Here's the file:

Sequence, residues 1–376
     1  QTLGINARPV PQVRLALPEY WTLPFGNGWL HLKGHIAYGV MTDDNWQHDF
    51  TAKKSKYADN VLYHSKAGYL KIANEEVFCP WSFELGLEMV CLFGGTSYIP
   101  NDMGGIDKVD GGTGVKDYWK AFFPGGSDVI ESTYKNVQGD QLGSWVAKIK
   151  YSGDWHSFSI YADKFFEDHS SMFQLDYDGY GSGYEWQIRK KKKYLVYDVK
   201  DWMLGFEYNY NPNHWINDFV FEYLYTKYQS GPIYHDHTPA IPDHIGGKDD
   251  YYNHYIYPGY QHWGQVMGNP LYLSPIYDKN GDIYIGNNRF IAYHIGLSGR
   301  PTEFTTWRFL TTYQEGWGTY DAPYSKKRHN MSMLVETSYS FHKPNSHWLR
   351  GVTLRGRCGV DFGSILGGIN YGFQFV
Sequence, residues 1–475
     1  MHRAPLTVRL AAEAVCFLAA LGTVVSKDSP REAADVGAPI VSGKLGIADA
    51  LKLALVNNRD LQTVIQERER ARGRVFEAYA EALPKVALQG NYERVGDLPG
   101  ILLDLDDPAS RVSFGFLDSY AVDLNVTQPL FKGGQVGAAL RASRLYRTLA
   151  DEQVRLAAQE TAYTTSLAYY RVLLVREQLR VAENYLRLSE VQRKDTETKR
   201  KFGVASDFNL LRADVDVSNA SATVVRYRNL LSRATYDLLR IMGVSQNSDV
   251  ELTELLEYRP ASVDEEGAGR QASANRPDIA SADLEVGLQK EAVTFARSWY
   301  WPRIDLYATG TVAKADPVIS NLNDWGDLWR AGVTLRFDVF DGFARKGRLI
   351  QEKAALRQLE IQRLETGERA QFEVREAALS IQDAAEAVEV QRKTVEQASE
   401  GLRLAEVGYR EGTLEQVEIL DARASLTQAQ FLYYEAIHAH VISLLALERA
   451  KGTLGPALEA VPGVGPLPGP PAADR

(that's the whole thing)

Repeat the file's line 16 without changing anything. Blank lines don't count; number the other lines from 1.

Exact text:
   251  ELTELLEYRP ASVDEEGAGR QASANRPDIA SADLEVGLQK EAVTFARSWY